Poverty pockets growing in suburbs
Behind the sprawling subdivisions and glossy condo towers being built in the GTA are the people who go unnoticed: The homeowner working two jobs to pay his mortgage, the single mother living in a basement apartment or the newcomer sharing a home with another family — or two
But policy makers and charitable organizations stress that because the problem is invisible, doesn’t mean it is non-existent.
In fact, it not only exists but in some cases — Markham-Unionville, Mississauga-Cooksville and Bramalea-Gore-Malton —poverty rates and child poverty rates are higher than the provincial average.
On Friday, Social Planning Toronto, the Alliance for a Poverty-Free Toronto and its sister alliances across region will release 53 riding profiles showing poverty goes beyond the downtown core.
“There is this perception that poverty is a Toronto problem, but this shows that there is poverty all across the Golden Horseshoe,” said John Campey, executive director of Social Planning Toronto.
“Who would expect that Markham would have highest rate of child poverty in York region?”
Last year, the group released detailed Toronto riding profiles, which showed that almost all had poverty rates above the14 per cent provincial rate. Child poverty rates soared above the 18 per cent provincial rate.
The city’s poverty rate is 24.5 per cent and child poverty rate is 31 per cent.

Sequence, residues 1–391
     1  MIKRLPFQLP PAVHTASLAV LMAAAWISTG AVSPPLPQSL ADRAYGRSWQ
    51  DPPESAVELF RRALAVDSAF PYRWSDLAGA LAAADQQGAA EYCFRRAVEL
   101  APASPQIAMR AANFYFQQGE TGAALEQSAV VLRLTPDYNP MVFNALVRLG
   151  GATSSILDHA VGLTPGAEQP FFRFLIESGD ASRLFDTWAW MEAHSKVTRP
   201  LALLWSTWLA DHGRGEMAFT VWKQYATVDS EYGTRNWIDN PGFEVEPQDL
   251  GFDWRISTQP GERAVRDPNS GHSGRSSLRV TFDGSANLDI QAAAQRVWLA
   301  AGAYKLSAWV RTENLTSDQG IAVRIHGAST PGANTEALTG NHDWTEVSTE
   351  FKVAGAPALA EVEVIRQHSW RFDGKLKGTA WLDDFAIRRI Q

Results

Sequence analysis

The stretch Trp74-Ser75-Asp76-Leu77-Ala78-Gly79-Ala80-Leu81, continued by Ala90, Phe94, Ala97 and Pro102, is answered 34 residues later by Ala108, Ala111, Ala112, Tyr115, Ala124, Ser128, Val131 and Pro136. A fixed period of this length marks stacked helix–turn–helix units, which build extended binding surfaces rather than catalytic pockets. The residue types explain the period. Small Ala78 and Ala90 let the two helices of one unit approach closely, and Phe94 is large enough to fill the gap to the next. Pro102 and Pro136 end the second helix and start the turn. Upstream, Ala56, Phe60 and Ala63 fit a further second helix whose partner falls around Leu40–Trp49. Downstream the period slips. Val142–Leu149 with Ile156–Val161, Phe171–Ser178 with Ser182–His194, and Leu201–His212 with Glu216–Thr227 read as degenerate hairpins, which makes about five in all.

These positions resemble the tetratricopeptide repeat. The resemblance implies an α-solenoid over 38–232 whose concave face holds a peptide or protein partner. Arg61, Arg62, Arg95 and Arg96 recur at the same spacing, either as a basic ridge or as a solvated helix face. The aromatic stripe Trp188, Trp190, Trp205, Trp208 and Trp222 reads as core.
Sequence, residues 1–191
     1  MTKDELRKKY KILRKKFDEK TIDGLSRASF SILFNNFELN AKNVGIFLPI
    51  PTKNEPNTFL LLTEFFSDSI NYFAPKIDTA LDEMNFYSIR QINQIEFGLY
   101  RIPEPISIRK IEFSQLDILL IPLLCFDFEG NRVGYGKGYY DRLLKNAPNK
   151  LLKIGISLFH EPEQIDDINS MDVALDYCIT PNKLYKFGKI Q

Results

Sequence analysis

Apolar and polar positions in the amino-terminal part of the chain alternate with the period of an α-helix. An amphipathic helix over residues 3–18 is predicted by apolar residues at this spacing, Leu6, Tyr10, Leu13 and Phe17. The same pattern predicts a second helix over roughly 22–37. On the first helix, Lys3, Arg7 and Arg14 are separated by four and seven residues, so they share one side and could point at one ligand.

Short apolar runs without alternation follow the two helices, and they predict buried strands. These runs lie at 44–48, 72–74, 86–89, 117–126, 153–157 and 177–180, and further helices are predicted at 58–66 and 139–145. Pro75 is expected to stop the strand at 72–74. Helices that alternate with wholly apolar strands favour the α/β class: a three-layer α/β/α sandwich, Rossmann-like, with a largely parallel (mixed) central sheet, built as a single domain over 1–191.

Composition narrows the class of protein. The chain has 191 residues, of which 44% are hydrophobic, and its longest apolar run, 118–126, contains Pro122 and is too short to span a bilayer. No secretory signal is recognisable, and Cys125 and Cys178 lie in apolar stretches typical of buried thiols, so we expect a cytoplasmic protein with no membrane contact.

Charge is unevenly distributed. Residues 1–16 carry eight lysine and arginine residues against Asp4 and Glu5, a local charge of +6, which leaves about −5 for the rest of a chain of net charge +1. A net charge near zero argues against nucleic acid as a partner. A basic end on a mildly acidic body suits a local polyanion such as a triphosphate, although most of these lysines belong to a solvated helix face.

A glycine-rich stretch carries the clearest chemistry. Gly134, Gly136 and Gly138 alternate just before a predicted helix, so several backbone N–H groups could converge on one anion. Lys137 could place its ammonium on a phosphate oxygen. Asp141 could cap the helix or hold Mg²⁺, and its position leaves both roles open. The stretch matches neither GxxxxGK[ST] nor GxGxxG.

And now, the suburbs are catching up.
“It’s great to live here . . . but making it when you are here is getting increasingly harder,” said Daniele Zanotti, CEO of United Way of York Region. “I’d say it’s even harder to be poor in a place that is affluent.”
The biggest problem, said Zanotti, is that while York Region is booming, supports are lacking to help those in need. This is why there are only 120 emergency beds available in a region of one million.
“Last year, one shelter had to turn away 1,000 people because they had no space,” Zanotti said.
Peel Region, which has poverty rate of 14.5 per cent and a child poverty rate of 20 per cent, is focusing on issues of food and income security, affordable housing and transportation to address the problem.
“When you come to Mississauga, you don’t see poverty or people working in precarious employment,” said Anita Stellinga, vice president of community investment for United Way of Peel. “You see houses and neighbourhoods where these issues are hidden behind the four walls.”
population living under poverty line: 17.2%
children (under 18) living in poverty: 22.5%
population living under poverty line: 16.3%
children (under 18) living in poverty: 22.1%
population living under poverty line: 22.2%
children (under 18) living in poverty: 31.6%
population living under poverty line: 13.8%
children (under 18) living in poverty: 19%
population living under poverty line: 24.5%
children (under 18) living in poverty: 31.8%
*Based on the 2006 census using Statistics Canada’s low-income cut-offs, before tax